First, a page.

Beit Furik, Huwwara, Za'tara (Tapuah), Tue 4.3.08, Morning

Observers: 
Nurit W., Ninette B., Dina A. (reporting)
04/03/2008
|
Morning

Translation: Hanna K.

 

According to the reports in the media a day of demonstrations is foreseen in all the areas of the West Bank. We decided to go out nevertheless and to see whether the expectations are indeed going to materialize, and indeed it was a quiet day, without any special gatherings, all along our shift.

We entered by road No. 5 and left it around  Punduk, and the traffic was very sparse. The exits from the villages are, as usual, blocked.


7:45 Za'tara/Tapuah Junction - there are two cars from the direction of road no. 5, about 25 cars from Nablus.


At Huwwara village there is a curfew the second day.


08:00 Beit Furik CP -
An especially difficult day, a very active traffic of pedestrians,  but their passage is quick, as opposed to a procession of 20 cars leaving Beit Furiq, the drivers are angry and report that they have been waiting for over an hour for the passage.

The soldiers check, as usual, car by car, inside the car, outside the car, the papers of the driver, if there is another passenger in the car he is, of course, checked too, and when a van passes with 6 passengers, they are sent to pass through the turnstiles. The checking is meticulous and slow, the waiting people are angry, from time to time the soldiers take a rest and the cars wait.

We called E. from the DCO who promised to take care of the matter, half an hour later we contacted him again, according to him he urged the soldiers on, but in fact nothing happened as a result.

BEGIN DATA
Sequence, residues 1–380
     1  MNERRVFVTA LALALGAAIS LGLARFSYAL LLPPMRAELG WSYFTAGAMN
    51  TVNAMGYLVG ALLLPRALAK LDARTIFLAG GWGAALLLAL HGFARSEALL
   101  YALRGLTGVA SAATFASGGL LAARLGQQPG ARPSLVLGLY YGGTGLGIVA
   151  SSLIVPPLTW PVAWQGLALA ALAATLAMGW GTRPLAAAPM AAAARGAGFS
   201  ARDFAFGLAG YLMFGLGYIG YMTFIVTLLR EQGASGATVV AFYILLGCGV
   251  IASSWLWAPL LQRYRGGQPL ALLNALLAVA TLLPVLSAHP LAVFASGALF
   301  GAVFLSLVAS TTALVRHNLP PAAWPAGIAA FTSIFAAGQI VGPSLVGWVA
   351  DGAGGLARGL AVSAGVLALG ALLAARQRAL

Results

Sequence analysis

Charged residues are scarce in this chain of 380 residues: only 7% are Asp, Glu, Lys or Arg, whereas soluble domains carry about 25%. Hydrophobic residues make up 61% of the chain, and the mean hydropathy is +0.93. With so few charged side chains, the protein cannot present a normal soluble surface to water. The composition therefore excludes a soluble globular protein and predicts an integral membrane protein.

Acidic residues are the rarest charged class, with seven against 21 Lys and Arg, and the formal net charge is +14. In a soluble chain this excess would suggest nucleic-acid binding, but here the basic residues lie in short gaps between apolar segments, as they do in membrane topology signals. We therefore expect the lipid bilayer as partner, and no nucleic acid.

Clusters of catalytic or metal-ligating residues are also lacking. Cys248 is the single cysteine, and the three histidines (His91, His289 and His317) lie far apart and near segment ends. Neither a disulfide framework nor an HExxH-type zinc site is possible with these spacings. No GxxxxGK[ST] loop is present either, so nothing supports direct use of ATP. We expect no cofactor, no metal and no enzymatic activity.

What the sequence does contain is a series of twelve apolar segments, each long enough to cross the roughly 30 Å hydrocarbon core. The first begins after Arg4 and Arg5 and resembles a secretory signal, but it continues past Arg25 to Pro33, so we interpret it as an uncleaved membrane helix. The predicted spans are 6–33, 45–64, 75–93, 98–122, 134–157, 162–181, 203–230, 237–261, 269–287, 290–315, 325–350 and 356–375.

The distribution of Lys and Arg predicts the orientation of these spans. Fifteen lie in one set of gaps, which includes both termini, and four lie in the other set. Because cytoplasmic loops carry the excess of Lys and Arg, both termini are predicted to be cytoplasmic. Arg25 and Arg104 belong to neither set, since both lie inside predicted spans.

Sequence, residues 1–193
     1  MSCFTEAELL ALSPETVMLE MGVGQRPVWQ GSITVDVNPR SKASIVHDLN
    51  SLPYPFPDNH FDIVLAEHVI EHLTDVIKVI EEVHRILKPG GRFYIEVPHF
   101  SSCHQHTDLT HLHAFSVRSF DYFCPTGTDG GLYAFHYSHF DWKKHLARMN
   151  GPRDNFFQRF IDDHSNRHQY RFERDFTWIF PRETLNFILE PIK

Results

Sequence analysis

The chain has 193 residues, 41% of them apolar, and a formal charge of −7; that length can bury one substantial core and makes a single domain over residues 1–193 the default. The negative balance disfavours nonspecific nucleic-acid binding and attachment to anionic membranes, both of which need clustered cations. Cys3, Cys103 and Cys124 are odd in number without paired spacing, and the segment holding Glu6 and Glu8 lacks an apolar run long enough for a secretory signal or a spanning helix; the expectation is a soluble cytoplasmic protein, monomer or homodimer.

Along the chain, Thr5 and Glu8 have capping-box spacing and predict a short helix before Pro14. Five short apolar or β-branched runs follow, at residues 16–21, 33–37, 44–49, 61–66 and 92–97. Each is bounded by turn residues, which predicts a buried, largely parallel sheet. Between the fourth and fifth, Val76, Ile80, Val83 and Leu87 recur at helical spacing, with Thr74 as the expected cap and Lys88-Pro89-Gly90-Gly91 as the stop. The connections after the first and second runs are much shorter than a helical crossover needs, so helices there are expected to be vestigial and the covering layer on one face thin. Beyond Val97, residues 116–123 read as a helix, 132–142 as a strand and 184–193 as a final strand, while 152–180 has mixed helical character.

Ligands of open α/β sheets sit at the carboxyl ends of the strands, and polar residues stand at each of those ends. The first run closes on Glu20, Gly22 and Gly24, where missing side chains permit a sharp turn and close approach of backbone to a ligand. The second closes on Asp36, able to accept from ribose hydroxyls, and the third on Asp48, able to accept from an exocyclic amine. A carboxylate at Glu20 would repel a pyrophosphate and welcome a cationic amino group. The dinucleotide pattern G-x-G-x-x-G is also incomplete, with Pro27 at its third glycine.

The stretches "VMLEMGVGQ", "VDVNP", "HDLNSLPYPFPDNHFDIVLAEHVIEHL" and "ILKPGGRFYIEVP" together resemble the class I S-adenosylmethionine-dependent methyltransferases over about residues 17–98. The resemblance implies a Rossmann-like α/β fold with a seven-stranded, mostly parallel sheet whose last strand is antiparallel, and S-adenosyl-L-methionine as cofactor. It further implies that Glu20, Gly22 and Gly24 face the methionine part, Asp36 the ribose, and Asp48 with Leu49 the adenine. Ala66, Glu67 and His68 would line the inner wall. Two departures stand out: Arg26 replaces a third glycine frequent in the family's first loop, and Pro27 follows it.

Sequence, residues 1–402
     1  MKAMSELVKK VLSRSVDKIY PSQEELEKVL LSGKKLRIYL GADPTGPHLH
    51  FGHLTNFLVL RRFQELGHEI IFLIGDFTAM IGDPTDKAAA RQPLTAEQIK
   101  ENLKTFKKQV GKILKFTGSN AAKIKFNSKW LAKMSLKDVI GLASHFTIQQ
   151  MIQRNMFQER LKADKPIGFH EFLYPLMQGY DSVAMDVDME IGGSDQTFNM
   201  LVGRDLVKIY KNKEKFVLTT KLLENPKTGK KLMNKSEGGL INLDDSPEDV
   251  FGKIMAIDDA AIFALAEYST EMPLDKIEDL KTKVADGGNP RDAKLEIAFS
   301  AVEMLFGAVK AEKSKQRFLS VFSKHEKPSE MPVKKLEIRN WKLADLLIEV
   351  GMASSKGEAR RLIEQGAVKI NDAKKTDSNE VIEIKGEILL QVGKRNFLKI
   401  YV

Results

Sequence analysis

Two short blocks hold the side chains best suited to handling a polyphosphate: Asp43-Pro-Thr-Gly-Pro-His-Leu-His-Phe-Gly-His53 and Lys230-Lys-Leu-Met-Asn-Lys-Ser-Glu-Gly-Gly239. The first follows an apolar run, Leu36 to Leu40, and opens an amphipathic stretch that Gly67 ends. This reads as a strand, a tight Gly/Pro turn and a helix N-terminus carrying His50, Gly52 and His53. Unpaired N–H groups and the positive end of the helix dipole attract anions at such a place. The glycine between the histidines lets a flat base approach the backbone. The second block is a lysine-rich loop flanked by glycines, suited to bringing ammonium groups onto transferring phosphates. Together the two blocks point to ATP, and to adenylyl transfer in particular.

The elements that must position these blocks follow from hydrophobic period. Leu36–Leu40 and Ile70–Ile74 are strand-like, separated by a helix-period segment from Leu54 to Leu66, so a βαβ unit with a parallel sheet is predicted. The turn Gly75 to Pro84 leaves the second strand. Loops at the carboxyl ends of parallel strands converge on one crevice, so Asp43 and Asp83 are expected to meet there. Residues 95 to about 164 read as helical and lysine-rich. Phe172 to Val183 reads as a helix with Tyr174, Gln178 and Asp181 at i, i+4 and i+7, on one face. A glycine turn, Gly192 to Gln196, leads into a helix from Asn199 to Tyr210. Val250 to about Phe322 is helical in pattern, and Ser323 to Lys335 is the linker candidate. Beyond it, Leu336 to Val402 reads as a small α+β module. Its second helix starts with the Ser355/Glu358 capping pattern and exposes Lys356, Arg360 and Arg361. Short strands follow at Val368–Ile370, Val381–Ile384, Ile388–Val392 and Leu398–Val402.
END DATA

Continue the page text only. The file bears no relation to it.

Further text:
What has to be pointed out is that the soldiers take great care that we should not cross over the line, our attempt to suggest that another checking lane be opened we answered by an outright refusal. Each car is checked by 3, sometimes 4 soldiers.

09:15 In desperation in view of our vain attempts we left, there were still about 12 cars waiting.


09:30 Huwwara CP -
The parking lot is packed full with cars, but passengers there are hardly any, there are no people at the entrance to Nablus, neither at the exit. There is a thin flow of people in both directions.

When we arrive a truck driver comes up to us and complains that he is not allowed to pass because just on this very day the validity of his permit expired, he is with a truck packed full with milk jars for the hospitals. He has been waiting for an hour and the milk will sour. He claims that at the Qalqiliya DCO a new authorization awaits him but he didn't have the change to get there and take it. Just then Eymen from the DCO arrives and the truck passes.

Cries are heard from the direction of the detention cell, it transpires that the is a detainee there who has been waiting for an hour, he created a commotion at the CP , was impudent towards the soldiers, and is now being punished. The DCO representative calms him down and promises that he will be released soon.

The soldiers are very hostile, especially towards us (although this really isn' t that important) but they take care to explain the rules to us, the white line, the prohibition to take photos, and we explained to them that these are not rules. They retreated angrily.


10:20 We leave.